Investing in Global Equities, Europe. Clear Path Analysis

01 Jun 2016

Importance of keeping global equities as part of a balanced portfolio

Noel Hillmann: What are the current challenges facing insurers and pension funds, and how do you see this impacting asset allocation decisions?

Anton Wouters: The challenges are two-fold, first there is the current general environment in financial markets with low yields and sometimes volatile markets so that is purely based on the more financial management of the portfolios.

Secondly, you also have to keep in mind the regulatory part of the portfolio especially on the insurance side as it can also influence asset allocation.  If I look at the financial market perspective, the low yields are there and that hurts both funding ratios of pension funds and solvency ratios of insurers. They have to find a way to cope with low yields, growing liabilities and make up for that additional return on liabilities with a good mix of asset classes in the portfolio so that they can achieve higher returns than on their liabilities, given the current circumstances.

From the regulatory side, pension funds and insurers are confronted with the fact that an optimal portfolio in an economic sense is not always the optimal portfolio in a pure regulatory sense, they have to combine the two to find an optimal portfolio.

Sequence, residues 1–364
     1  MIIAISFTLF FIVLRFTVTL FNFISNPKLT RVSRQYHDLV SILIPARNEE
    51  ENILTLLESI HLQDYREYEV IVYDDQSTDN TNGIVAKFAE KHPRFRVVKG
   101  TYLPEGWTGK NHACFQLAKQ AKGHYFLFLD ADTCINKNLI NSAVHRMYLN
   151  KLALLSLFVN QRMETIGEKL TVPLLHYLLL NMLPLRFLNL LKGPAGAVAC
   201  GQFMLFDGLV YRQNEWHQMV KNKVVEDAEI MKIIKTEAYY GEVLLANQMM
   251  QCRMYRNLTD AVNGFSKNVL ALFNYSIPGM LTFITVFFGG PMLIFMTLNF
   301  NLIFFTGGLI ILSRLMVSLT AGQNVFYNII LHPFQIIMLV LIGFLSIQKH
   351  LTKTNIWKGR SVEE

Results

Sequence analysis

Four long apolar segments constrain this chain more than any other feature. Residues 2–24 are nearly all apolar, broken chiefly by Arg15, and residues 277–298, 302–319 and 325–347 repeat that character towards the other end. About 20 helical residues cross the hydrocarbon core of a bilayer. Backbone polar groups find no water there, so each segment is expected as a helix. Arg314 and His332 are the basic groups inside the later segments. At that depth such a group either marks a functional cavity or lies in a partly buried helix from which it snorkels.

These challenges are quite big and on top of that, the low yield environment seems here to stay for the foreseeable future, especially in Europe.

Noel: As a fiduciary manager, how do you look at the outperformance of equities and what are the challenges and issues that you see?

Anton: If you look to how you would build a portfolio around your liabilities, regardless of whether you are an insurer or pension fund, in the end you have a number of fixed income orientated asset classes where you can at least have returns comparable to the liabilities. In essence you need additional return above the liabilities to grow your funding ratio or for insurance companies, have enough return to distribute to your customers.

One way or the other you have to have higher yielding assets in your portfolio.

Pension funds already have this attitude and have a reasonable portion of equity within their portfolio and although they are experiencing difficulties in the current climate they are not getting rid of it. They want to keep a certain allocation to equities and try to optimise this.

On the insurance side, the regulatory restrictions kick in, because with Solvency II equities are heavily punished in terms of capital that you have to hold. Here insurers have to find a way to still have reasonable allocation to high yielding assets, including global equities, whilst still keeping the regulatory capital contained.

Guy Davies: One of the areas we have to be mindful of is regulation and the impact that it can have on time horizons for investment objectives. This can have an impact on the ultimate investment strategy that is put into place and the degree to which the strategy is actively managed.

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